Early Days in Queensland

Silvester Diggles (1817 – 1880) was a naturalist, artist and musician. He was born in 1817, the eldest son of Edward Holt Diggles, an ironmonger of Liverpool, England, and his wife Elizabeth, née Silvester. 

In May 1839, he married Eliza, daughter of John Bradley, who was a tutor in Liverpool.

They subsequently had two daughters and a son. 

In 1853 they made the trip to Sydney, Australia. After an exploratory visit to Brisbane in November-December 1854, he settled there permanently with his wife and family in January 1855. He taught drawing and music and also practised as a tuner and repairer of musical instruments. 

His wife passed away in August 1857 and wasting no time, in 1858 he married Albina, daughter of John and Sarah Birkett of Barnby in the Willows, Nottinghamshire. They had two sons. 

Diggles was very community minded. Genial, friendly and an enthusiastic supporter of community activities, Diggles became a well-known and a beloved citizen in Brisbane. Because of his interest in music, he was a founder of the Brisbane Choral Society in 1859 and the Brisbane Philharmonic Society in 1861.  As a religious man and because of his musical interests, he became accompanist at church services and concerts. When the musicians of the city gave him a grand benefit concert in 1877, he was termed 'the father of music in Brisbane'. Sincerely religious, he had joined the New Jerusalem Church in 1846 and acted as its leader in Brisbane for some years. He was also a Mason.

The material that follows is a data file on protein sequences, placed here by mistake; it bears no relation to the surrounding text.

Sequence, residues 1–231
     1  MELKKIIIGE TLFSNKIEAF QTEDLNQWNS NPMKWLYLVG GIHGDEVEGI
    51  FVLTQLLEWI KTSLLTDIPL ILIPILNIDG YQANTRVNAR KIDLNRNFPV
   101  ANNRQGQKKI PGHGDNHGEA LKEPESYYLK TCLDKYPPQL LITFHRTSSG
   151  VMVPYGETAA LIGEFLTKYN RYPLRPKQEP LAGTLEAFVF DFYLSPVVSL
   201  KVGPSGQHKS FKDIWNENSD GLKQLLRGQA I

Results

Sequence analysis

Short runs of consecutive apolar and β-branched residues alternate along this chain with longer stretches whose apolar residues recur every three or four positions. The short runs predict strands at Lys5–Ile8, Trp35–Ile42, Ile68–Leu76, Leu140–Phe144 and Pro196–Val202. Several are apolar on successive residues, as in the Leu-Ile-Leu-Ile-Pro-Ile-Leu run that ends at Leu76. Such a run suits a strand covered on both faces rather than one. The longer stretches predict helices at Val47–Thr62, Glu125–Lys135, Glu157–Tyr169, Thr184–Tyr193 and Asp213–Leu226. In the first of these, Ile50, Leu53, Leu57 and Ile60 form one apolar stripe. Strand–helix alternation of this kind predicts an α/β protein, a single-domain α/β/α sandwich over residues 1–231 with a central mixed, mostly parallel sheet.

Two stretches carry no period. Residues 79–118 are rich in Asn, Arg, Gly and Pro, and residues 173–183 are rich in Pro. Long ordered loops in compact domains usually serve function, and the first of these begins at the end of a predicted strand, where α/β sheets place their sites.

These were very early days in Queensland. Queensland became a colony on 6th June 1859.

Diggles helped to found the colony's first scientific institution, the Queensland Philosophical Society, on 1 March 1859 and published several papers in its Transactions. He acted for many years as honorary curator of the Philosophical Society’s small museum, established in the old windmill observatory on Wickham Terrace in 1862. This collection was gradually transferred to the Queensland Museum in 1871-74. 

His special interests were ornithology and entomology, through which he had a wide circle of friends and correspondents. 

His outstanding publication was The Ornithology of Australia of which twenty-one parts were issued in 1865-70. Each part contains six lithographed hand-coloured plates, imperial quarto size, each accompanied by a page of descriptive text. When bound, this formed a large volume of 126 plates and 126 text pages, but it covered only about one third of the known Australian birds as he lacked the funds to complete the publication. 

In 1877 his remaining plates and text were reissued under a new title, Companion to Gould’s Handbook. Between 1863 and 1875, Diggles, unassisted, made 325 detailed watercolour paintings depicting about 600 Australian land birds, as the preliminary artwork for his plates. These watercolours, now bound in four folio volumes, are held in the Mitchell Library, Sydney. They formed part of the Library’s foundation collection bequeathed by David Scott Mitchell. 

Diggles's major contribution to the knowledge of Australian fauna, however, was through the extensive collections of insects, particularly butterflies, moths and beetles, which he sent to overseas entomologists for description. In 1875 his health began to fail, due partly to worry over the Ornithology. He died at Kangaroo Point, Brisbane, on 21 March 1880, survived by two daughters of his first marriage and two sons of the second.


elated Tag: Bird Prints


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